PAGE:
Twitter have been discussing changes to their 140 character restriction policy for a few months now. It appears that it's now official that photos, videos, GIFs, polls, quote Tweets and @names in replies will no longer count toward your 140 characters.
These are the details officially published by Twitter:
The following diagram published on Twitter's dev blog displays the new structure of Tweets:
Here are 4 ways to make the most of Twitter's new 140 character update
1. Repeat yourself to extent a longer message
Instead of breaking a message into two sections, reTweet your original Tweet, quote it and then add then elaborate using 140 more characters. This is almost the same as having 280 characters instead of 140. For users it will be easy to read your full message as it will not require scrolling down your timeline and searching for the original Tweet.
2. Add more content using images
When low on characters, you can add an image with an additional message, it could be as default as "thanks for reaching out!"
3. Engage in richer conversations
Twitter stated that they want to encourage a whole lot more conversation. Now, even when maximized, 140 characters will still force you to be brief and to the point when engaging in a conversion on Twitter. BUT, it's more than what you had before and let's face it – you were doing just fine so this has to be an upgrade. Usernames can take up to 20 characters (sometimes even more) making conversations challenging. By freeing up characters that were previously used for usernames, you will be able to fully use all of the 140 characters to convey your message and express yourself better.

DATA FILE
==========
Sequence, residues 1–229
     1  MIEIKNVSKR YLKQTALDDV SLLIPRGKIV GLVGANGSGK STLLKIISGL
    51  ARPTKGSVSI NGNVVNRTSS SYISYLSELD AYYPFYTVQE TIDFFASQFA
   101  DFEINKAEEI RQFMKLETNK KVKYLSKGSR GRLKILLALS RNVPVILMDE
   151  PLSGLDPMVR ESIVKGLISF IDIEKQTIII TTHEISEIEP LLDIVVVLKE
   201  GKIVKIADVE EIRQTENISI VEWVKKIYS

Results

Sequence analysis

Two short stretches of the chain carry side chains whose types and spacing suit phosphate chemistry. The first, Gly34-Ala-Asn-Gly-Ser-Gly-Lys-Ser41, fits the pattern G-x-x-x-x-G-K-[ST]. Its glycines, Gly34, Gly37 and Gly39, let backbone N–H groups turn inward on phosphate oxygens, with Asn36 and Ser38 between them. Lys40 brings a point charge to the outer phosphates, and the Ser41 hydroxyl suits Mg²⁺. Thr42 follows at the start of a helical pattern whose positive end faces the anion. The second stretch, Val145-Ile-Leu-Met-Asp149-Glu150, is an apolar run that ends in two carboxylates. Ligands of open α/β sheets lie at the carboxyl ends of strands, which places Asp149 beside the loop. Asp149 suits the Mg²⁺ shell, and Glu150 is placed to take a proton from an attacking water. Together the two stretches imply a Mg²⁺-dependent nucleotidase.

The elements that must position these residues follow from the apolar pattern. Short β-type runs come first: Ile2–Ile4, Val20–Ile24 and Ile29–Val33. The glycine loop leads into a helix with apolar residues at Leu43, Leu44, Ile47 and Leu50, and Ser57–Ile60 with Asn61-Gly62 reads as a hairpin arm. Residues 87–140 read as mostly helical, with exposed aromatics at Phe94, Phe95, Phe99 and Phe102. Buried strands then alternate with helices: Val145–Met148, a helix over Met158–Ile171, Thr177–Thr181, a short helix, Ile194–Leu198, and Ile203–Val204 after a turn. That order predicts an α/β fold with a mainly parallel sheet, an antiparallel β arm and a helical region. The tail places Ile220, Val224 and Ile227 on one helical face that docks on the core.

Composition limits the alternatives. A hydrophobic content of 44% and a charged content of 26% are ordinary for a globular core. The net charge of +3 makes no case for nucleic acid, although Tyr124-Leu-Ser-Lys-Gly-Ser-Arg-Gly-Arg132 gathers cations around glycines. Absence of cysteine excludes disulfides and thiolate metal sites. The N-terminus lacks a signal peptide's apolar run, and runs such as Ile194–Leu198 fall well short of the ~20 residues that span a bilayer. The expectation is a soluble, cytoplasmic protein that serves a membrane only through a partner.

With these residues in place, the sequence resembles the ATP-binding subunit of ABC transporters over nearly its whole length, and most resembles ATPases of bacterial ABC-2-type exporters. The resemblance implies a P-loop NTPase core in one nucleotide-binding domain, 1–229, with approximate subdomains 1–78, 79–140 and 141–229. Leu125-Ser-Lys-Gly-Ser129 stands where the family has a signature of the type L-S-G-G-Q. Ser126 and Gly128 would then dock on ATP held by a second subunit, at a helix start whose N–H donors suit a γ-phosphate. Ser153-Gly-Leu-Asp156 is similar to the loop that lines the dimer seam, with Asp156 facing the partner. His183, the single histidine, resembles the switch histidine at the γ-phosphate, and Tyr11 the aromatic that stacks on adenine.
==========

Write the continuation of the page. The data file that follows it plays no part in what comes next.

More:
4. Publish publicly never worrying about having to remember to add the strange .@ at the beginning of Tweets
Up until this update, when you posted a Tweet beginning with a username, only users who followed both you and the tagged person would be able to see the Tweet.
In order to bypass this, users added "." before the @username, making the Tweet public. Not all users were even aware of this solution. Now, with this confusion out of the way, Tweet away publicly.
Twitter's DNA is aligned with the speed and intensity of the online pace of information flowing. That hasn't changed and probably won't. Still, Twitter realized that some restriction are limiting and making their users lives difficult. They listened and the result is this latest update, which is a convenient one. We like it and plan on making the most of it, we hope you do too!
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